Wednesday 26 February 2014

What's in a name?

First of all, I must apologise for not posting in a while. I have excuses, but not good ones so I will spare you. One reason this is taking me so long is that I find the subject matter difficult to write. In short, I am terrible at naming things. In my original vision post, as well as some accidental references in later posts, I refer to the city of darkness as Nocte. I hate this name, it just doesn’t seem to evoke the right feel to me. Sure, the latin root of the word is fine (by which I mean I looked up darkness in a latin dictionary and changed it a bit) but that doesn’t seem to be enough. The city in darkness takes inspiration from germanic and english sources, not latin ones.

You may be shaking your head at me right now, wondering why I am getting worked up about this. As I said, I am terrible at naming things and this obviously is going to be problematic not only for this blog, but for my general writing future. I hope some introspection will help me improve (and why not write about it at the same time to kill two birds with one stone?). So, onto the introspection. If I analyse some existing names and figure out what it is about them that evokes a certain image, I can build off that.

What images does the name Lostwithiel evoke? Perhaps lost in time as well as space, the tiny village lies nestled in some valley, wreathed in mist.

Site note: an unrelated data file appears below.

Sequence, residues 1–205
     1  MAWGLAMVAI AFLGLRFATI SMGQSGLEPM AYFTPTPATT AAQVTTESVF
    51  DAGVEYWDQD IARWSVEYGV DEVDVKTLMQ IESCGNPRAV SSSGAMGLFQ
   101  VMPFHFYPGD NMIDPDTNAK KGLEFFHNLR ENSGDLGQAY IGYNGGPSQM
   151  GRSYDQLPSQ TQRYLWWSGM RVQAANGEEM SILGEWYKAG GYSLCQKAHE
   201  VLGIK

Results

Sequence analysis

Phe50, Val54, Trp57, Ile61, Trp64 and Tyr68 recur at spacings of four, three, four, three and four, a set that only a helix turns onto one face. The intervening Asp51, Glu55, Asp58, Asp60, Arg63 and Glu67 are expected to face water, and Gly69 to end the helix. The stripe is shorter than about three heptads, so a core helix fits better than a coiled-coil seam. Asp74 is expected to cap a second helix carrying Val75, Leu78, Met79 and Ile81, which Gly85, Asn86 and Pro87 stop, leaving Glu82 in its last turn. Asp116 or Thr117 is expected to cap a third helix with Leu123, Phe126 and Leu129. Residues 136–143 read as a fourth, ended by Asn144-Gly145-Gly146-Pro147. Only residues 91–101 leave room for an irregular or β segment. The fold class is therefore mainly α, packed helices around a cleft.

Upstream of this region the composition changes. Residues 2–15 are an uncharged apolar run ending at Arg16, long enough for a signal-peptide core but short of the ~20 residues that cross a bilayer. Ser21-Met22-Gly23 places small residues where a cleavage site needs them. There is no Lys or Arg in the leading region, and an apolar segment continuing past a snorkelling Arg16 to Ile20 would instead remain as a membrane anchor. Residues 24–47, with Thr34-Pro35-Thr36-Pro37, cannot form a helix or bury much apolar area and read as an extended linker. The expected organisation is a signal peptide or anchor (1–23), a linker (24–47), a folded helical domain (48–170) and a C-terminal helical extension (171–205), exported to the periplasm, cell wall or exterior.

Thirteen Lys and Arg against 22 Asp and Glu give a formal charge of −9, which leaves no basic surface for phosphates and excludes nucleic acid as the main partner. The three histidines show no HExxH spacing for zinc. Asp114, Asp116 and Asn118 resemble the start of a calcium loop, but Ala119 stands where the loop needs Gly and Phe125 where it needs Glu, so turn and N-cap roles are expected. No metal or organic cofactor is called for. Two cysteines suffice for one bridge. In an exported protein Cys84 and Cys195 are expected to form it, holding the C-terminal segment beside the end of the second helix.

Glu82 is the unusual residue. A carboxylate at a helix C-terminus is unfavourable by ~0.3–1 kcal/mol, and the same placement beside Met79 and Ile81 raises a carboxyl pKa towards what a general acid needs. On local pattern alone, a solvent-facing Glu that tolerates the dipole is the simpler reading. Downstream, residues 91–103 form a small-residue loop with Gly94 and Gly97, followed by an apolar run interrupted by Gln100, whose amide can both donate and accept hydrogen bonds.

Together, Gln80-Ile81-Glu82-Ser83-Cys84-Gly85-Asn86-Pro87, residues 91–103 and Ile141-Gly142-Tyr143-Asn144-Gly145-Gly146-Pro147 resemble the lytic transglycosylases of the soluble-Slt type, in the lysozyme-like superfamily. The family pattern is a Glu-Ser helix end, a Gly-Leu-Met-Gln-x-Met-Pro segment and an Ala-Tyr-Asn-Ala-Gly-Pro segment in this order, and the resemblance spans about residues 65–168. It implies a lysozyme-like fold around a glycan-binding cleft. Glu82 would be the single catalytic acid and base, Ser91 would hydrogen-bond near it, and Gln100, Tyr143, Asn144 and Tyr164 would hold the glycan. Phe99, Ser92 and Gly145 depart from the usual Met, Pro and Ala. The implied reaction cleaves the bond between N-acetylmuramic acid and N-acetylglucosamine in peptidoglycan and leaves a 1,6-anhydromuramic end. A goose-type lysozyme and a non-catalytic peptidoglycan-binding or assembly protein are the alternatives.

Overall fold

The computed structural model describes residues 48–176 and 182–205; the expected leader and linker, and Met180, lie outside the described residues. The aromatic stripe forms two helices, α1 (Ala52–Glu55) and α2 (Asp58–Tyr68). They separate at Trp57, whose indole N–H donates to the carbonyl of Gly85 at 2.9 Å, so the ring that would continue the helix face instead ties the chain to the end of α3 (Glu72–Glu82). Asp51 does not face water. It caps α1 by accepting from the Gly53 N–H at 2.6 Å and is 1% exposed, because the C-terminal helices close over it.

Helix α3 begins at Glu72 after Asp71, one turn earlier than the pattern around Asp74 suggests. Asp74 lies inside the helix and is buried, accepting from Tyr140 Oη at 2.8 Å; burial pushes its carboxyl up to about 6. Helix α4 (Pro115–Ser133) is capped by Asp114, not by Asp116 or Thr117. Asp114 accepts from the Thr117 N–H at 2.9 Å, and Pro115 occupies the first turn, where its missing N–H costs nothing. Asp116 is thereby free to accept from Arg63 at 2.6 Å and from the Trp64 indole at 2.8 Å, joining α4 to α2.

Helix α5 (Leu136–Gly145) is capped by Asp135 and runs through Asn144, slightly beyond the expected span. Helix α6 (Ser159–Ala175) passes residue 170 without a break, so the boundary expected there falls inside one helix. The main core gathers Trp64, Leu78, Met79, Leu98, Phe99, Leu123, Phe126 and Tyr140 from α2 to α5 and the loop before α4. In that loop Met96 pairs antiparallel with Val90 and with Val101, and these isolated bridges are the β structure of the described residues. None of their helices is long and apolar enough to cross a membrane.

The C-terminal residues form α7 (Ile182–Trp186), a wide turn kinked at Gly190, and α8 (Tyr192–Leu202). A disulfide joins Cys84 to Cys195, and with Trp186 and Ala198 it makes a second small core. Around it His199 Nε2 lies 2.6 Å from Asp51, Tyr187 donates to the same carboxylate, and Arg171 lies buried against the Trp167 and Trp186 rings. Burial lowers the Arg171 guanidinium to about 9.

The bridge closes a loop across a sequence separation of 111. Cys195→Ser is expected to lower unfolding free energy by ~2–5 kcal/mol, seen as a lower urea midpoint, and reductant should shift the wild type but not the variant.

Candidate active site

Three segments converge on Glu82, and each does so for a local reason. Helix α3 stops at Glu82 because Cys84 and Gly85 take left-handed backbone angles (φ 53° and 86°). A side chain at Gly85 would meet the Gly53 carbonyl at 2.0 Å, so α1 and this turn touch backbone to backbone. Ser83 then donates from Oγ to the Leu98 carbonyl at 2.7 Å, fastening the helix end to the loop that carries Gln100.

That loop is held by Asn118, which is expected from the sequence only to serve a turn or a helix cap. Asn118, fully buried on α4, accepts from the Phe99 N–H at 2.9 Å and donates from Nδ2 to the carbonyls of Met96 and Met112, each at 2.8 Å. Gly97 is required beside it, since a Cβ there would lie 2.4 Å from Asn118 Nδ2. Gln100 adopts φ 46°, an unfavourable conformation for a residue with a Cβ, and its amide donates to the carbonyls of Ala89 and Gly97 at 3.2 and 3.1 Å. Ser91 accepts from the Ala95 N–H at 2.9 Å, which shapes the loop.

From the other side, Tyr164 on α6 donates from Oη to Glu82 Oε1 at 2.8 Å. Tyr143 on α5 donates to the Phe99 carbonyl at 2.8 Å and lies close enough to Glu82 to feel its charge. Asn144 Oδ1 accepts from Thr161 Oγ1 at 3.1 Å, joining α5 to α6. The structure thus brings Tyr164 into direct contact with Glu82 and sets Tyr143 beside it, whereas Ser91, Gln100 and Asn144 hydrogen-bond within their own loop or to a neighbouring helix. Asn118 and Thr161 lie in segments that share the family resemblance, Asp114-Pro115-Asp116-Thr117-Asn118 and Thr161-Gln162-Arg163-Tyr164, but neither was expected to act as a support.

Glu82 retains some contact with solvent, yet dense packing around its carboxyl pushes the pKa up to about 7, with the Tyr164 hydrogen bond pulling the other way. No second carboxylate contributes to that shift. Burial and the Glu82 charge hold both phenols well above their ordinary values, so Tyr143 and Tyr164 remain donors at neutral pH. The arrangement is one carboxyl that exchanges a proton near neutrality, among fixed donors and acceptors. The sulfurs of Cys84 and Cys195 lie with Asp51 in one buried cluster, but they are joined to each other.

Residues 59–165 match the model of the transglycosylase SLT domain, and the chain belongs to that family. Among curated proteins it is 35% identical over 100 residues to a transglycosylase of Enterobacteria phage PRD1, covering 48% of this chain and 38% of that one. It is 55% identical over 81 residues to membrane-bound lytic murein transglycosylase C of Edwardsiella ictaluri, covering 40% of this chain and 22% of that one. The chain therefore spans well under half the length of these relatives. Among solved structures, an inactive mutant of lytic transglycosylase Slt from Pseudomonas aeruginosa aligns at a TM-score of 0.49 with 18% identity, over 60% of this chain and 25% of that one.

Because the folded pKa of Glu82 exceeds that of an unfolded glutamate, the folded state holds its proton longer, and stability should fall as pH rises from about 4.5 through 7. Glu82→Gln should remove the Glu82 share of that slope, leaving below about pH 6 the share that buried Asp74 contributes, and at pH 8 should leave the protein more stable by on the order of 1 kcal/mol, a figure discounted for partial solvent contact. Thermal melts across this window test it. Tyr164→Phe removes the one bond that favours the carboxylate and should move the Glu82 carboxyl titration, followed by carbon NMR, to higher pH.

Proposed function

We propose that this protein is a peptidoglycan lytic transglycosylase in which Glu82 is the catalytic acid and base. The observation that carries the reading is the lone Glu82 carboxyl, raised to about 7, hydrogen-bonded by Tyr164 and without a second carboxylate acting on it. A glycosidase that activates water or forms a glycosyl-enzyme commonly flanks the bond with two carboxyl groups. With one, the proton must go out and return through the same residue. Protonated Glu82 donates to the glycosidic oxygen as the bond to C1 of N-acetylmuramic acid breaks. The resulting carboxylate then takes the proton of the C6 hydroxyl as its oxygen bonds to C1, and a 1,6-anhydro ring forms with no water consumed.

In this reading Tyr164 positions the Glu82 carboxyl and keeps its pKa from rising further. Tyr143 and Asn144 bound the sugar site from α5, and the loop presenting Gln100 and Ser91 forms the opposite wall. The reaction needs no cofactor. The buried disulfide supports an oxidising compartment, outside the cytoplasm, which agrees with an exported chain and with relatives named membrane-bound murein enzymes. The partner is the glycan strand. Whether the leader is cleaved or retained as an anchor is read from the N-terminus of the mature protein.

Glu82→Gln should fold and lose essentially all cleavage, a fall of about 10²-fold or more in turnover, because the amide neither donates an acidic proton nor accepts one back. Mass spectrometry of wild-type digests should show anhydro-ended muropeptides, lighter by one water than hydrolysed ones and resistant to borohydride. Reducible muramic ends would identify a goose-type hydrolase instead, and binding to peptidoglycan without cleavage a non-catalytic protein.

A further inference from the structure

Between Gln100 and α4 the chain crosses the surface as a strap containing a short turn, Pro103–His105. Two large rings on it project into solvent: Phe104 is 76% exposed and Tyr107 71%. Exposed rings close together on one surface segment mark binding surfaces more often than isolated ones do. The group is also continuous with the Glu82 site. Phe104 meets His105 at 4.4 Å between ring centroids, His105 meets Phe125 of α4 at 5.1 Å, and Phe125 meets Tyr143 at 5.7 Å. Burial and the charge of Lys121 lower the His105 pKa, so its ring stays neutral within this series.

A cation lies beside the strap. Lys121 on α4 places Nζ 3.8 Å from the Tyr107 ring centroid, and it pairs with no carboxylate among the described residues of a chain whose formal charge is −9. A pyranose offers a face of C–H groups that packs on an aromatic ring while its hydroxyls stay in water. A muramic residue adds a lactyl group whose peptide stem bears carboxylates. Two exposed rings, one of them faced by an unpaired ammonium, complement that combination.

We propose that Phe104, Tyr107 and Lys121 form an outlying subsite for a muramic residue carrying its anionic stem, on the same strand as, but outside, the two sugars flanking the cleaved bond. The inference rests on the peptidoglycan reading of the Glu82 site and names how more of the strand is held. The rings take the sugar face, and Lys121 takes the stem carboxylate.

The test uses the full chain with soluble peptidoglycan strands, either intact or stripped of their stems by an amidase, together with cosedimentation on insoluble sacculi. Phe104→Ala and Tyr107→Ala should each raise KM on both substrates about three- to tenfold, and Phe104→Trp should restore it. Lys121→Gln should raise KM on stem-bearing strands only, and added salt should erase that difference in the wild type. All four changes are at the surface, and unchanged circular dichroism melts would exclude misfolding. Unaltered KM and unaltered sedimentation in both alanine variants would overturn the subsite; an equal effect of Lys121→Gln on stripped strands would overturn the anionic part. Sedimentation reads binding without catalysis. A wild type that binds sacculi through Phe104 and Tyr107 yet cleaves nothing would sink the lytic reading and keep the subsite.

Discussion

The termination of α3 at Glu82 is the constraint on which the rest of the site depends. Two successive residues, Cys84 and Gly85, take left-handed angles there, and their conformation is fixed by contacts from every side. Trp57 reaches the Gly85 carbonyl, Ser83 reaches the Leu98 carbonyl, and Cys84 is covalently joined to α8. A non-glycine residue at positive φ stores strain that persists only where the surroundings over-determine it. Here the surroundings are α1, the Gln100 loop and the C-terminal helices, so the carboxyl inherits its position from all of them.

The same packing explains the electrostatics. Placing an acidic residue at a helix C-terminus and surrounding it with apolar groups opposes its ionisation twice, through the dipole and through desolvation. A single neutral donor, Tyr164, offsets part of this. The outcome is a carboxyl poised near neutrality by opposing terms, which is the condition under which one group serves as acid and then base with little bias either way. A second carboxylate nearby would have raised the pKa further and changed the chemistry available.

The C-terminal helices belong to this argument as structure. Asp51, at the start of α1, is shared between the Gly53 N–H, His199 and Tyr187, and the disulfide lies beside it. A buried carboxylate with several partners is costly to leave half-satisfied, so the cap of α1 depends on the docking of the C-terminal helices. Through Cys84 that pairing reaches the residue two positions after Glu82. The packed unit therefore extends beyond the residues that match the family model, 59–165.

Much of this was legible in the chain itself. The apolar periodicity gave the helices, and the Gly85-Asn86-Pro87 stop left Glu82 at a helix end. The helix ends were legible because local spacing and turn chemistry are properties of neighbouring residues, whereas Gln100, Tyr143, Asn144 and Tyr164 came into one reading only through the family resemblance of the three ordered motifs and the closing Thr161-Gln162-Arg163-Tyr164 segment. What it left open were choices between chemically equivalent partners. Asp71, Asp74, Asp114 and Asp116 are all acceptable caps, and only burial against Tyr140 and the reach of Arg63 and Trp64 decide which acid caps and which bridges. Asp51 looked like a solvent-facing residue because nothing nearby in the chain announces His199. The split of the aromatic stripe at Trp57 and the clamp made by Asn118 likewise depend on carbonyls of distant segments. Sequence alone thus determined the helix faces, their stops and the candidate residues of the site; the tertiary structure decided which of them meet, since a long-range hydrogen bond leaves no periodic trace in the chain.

Durridge is a more industrial town, probably with identical, soulless rowhomes

Goolagah is a dry town, possibly on the outskirts of a desert. 

Runeheim is wreathed in snow and surrounded by fir trees. The buildings have high pitched rooves huddled together to escape the cold. 

Of course, my knowledge of world cultures (my world, apparently being defined as Europe and Australia) is influencing the views I have of these names. That is really the point I guess? On the other hand, the Kalamar campaign settings (one of my favourites) has internally consistent names that are fairly quick to learn. Bet Hander is obviously a Kalamaran city wheras Arnoden is Brandobian. This is not enough to really evoke an image in my mind that is distinct from the stereotypes of the Kalamaran cultures.

Here are some words I want associated with the name of The City in Darkness:

  • Dark
  • Night
  • Torchight
  • Guilds
  • Medieval
  • Gothic
  • Overpopulated
  • Polluted
What can I do with these? Let’s try some pseudo-german:
  • Drakenknacht
  • Nachtberg
  • Undunken
  • Verschberg
  • Flimmen
  • Gildenhalt

Well, I don’t think I hit the mark there, but it is at least, a start. Honestly, I had intended this post to be much longer, but I am so bad at naming that this is all I can manage. How embarassing!

Tuesday 4 February 2014

Palaces of Justice

A wing of the Night Palace is given over to the courts of the Palace of Justice. There are fourteen courts in all, catering to different types of crimes. The trial as a form of entertainment is taken very seriously by the judges of the city. As a result,  the courts viewing galleries are always packed full. Minor cases of theft and burglary are stretched out to days of outrageous and flamboyant posturing and debate. In many cases the accused hardly seems to be a part of the process, although since they are usually sentenced to death (to the great amusement of the audience) it is a moot point. Although death by disease or assault is an everyday horror of the city, its residents still take great delight in the sentencing and subsequent death of many of the people who pass through the justice system. Thirty judges preside over the courts, with the most popular of them getting the worst, crowd inducing crimes.